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Encyclopedia of the Righteous Among the Nations: The Netherlands to be Unveiled at Yad Vashem Ceremony Tomorrow

Avner Shalev to present two-volume Encyclopedia to Dutch Ambassador in presence of Righteous Among the Nations from Holland

25 August 2004

Tomorrow, August 26, 2004, Chairman of the Yad Vashem Directorate Avner Shalev will present The Encyclopedia of the Righteous Among the Nations: The Netherlands to HE Mr. Bob Hiensch, Ambassador of the Netherlands to Israel at a ceremony at Yad Vashem. Attending the ceremony which will take place at 10:30 in the Yad Vashem Auditorium, will be Mr. Tinus Schabbing, of Holland, who along with his wife, Tony, was recognized as a Righteous Among the Nations by Yad Vashem in 1964, as well as Mr. Guido Smit, of Canada, the son of Jan Smit, who was also recognized by Yad Vashem in 1964 as a Righteous Among the Nations. After the ceremony, the annual gathering of the Foundation of Former Members of all the Hachshara Centers and Hehalutz Underground Movements in Holland - Westerweel Group Included will take place in the Auditorium. This year marks the 60th anniversary of Joop Westerweel’s murder. The event is open to the press in coordination with the Spokesperson’s Office.

About the Encyclopedia

The two-volume Encyclopedia of the Righteous Among the Nations: The Netherlands is part of a comprehensive project to present the stories of the over 20,000 Righteous Among the Nations recognized by Yad Vashem. Additional Encyclopedias include France (already published in English and French), Poland (expected date of publication, October 2004), and Central & Western Europe and the Rest of the World. The Netherlands volumes contains thousands of stories of Dutch Righteous Among the Nations who have been recognized by Yad Vashem. As of January 2004, 4,586 Dutch people have been thus recognized. The volumes contain a detailed introduction, a summary of the series, an index for cross-referencing, maps, a glossary and pictures. The Encyclopedia was edited by Academic Advisor to Yad Vashem Professor Israel Gutman. Dr. Jozeph Michman (Melkman) and Dr. Berg Jan Flim edited the Netherlands volumes. A Dutch version of the Encyclopedia will be published in the future. In putting their lives at risk and in many cases those of their families, to save Jews for no altruistic motive whatsoever but simply because it was “the right thing to do” the men and women Yad Vashem has recognized as Righteous Among the Nations demonstrated the highest standards of ethical and moral behavior. In 1953 the Knesset (Israeli parliament) established the Martyrs’ and Heroes’ Remembrance (Yad Vashem) Law, giving particular emphasis in the law “to commemorate the high-minded Gentiles who risked their lives to save Jews.” Legally empowered by the State of Israel, Yad Vashem is the only body that gives official recognition to those who saved Jewish lives on behalf of the Jewish people.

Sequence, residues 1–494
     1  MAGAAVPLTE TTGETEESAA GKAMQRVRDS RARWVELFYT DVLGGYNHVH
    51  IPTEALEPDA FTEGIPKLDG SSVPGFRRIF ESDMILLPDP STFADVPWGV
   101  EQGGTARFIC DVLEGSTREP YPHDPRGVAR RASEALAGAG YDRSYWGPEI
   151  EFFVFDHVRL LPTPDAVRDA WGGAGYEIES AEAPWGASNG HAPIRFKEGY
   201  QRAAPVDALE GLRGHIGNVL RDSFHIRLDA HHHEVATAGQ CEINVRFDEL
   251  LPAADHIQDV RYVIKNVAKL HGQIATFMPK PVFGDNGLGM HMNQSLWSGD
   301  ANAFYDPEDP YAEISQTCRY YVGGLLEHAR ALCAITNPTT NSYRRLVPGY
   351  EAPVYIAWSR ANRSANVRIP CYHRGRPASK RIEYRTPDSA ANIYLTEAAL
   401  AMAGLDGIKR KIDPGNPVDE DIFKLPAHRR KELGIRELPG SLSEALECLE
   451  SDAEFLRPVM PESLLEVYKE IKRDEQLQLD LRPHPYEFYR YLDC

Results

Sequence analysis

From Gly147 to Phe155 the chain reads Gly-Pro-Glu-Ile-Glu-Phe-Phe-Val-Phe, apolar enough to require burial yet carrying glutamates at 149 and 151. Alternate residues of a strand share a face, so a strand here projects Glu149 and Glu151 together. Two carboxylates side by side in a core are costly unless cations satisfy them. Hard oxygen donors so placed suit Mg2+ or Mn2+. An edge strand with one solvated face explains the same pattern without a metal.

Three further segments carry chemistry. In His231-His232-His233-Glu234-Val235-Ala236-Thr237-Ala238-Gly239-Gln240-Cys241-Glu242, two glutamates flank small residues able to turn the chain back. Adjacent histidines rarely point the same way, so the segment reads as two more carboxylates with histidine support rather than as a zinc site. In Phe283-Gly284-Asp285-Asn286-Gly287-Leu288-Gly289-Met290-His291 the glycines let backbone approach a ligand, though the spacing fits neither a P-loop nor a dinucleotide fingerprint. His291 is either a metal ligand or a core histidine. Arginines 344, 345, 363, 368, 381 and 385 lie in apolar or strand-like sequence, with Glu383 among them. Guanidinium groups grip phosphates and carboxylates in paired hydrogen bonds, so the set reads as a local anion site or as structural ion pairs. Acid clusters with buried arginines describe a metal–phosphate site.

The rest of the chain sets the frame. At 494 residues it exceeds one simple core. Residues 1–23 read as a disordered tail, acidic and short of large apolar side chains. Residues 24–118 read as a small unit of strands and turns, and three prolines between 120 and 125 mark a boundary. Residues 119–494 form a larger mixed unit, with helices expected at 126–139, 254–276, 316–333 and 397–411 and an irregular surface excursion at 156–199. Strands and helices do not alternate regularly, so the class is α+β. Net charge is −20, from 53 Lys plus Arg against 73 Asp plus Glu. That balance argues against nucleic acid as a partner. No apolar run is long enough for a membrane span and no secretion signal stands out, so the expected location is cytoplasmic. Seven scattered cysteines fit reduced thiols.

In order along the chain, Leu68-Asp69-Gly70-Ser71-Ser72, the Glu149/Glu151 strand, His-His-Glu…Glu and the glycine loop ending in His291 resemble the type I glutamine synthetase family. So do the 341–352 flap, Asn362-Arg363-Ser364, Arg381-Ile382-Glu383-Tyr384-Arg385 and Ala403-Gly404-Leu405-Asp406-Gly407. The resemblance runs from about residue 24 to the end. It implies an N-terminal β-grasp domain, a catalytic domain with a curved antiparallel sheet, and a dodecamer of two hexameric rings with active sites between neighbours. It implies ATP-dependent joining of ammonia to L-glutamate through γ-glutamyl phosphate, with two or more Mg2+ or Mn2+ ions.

About Tinus Schabbing

As a resistance worker, Tinus Schabbing obtained passes for five people to travel up and down the country. Until he joined the Westerweel group in 1942, he worked for the food distribution service in the Noord-Oostpolder. Once part of the group, Tinus gave up his job to devote himself to the Resistance full-time. He was involved in freeing Jews from Westerbork, and accompanying them across the border to Belgium. At the end of 1944, when it became impossible to reach Westerbork, he distributed food coupons to people in hiding. At one point Schabbing was arrested, but the arresting officer was sympathetic and he was shortly released. Schabbing and his wife also hid Jews in their home, even when it was especially dangerous because the Gestapo already knew their names. Tinus and Tony Schabbing were not arrested again.

About the Westerweel Group

Joop Westerweel was one of the most daring and successful of the Dutch Resistance leaders until his execution by the Nazis at the Vught concentration camp in August 1944. He could not countenance the segregation between Jews and non-Jews instituted by the Germans in Holland, which offended his humanitarian and democratic sensibilities and ignited a burning desire within him to do something for the Jews. When the opportunity arose, the Westerweel group, an appellation given to Joop’s followers after the war, came into being. The Westerweel group was unusual in that it consisted of both Jews and non-Jews working together to save Jewish lives. The non-Jews were a small group of humanitarians, friends acquaintances and colleagues of Joop. The Jewish members, as well as the Jews they rescued, were all in their teens or early twenties. Most of the Jewish children assisted were refugees from Germay who had come ot the Netherlands on Kindertransports. In addition, there was a small Dutch component of young Halutzim (Zionist-oriented pioneers.) Joop and his group were involved in hiding 50 children from Germany as well as a number of other groups, and in helping Jews escape to Switzerland and to Belgium (and from there to France, and neutral Spain, and Eretz Israel.) Altogether, the Westerweel group assisted some 300-400 Halutzim, saving a large percentage of them. Joop Westerweel himself paid with life, as did a number of his close associates including Joachim Simon (Shushu), a leader of the group. Joop and his wife Willy (Wilhelmina) were recognized in 1964 by Yad Vashem as Righteous Among the Nations. More information about the Righteous Among the Nations program.